How Data De-Identification Can Minimise Your Privacy Obligations

In an age where significant amounts of personal information are passed through online systems, it is critical for organisations to have an effective de-identification process in place to ensure that their privacy obligations are met under the Privacy Act 1988. 

Every day Aussie businesses and others across the globe collect details, personal information and an array of private information that needs to be handled securely. For example, voice-altering technology.

What is Data De-Identification?

The term ‘de-identification’ can have different meanings. It can refer to the process of removing or altering information, e.g. deleting information that directly identifies individuals, such as names and addresses or dates of birth. Alternatively, it can mean reaching a state where individuals can no longer be ‘reasonably identified’ from the information.

Information is considered to be de-identified (and is therefore not personal information) when it no longer relates to an identifiable individual or an individual who can be reasonably identified from the information.

What Are the Privacy Obligations?

The Australian Privacy Principles (APPs) set out your privacy obligations within Australia. These principles outline some basic requirements for the collection, disclosure and security of personal information. The rules must be followed by:

  • entities with an annual turnover of more than $3 million;
  • entities collecting sensitive health information; and
  • businesses that sell or purchase personal information.

As a result, many small businesses are exempt from the requirement to comply with Australian privacy laws. However, even if you are not legally required to comply with these obligations, it is generally best practice to do so. This can help build trust with customers and avoid damage to your reputation.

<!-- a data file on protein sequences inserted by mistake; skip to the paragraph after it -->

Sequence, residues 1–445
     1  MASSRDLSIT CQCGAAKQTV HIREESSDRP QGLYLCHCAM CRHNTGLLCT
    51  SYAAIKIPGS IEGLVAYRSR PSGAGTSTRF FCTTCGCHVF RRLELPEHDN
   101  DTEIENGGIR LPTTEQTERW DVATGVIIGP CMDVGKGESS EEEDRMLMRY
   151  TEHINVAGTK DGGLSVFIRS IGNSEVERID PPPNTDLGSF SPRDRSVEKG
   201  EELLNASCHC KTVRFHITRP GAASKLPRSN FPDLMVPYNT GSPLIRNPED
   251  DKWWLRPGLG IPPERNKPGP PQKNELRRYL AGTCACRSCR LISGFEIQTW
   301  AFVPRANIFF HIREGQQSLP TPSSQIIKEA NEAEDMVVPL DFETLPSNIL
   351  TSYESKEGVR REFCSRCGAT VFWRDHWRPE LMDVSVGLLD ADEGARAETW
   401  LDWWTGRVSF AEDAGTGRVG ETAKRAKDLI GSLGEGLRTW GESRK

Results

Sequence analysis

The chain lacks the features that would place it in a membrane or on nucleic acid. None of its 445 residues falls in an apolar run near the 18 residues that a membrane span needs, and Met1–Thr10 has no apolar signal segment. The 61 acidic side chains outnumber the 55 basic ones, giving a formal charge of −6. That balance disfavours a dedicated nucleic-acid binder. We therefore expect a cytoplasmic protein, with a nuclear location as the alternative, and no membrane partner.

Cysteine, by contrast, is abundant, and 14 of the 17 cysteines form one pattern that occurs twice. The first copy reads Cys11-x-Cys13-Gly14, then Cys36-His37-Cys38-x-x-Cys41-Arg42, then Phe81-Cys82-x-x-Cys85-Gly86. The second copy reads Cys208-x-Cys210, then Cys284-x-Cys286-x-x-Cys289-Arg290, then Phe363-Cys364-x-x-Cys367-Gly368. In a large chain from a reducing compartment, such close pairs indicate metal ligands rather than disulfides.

With effective de-identification procedures in place, organisations can minimise the risks associated with potential breaches of these privacy principles. Once data has been sufficiently transformed to a degree that it no longer constitutes personal information, it ceases to be subject to the Privacy Act and can be utilised with greater freedom. It is important to ensure that it cannot be reasonably re-identified and connected with an individual. How, then, can data be appropriately de-identified?

Implementing Data De-identification

There are different levels of de-identification to consider: anonymisation and pseudonymisation. 

  • Anonymisation is the removal of identifying elements, making the information unattributable to any person. 
  • Pseudonymisation converts information into a state that is unattributable to any person without access to additional information. Such additional information must be kept separate and secure. 

Ultimately, data de-identification processes should be actively managed and re-evaluated on an ongoing basis. Protocols like encrypting sensitive information, restricting who can access it and destroying personal information when it is no longer required should form part of your business’ privacy controls. With robust procedures for de-identifying data in place, your business’s privacy obligations can be dramatically reduced, minimising exposure to potential liability and increasing reputability with your clientele. 

Not sure if you comply? Contact Clearpoint Legal for a free, 15-minute discovery call.

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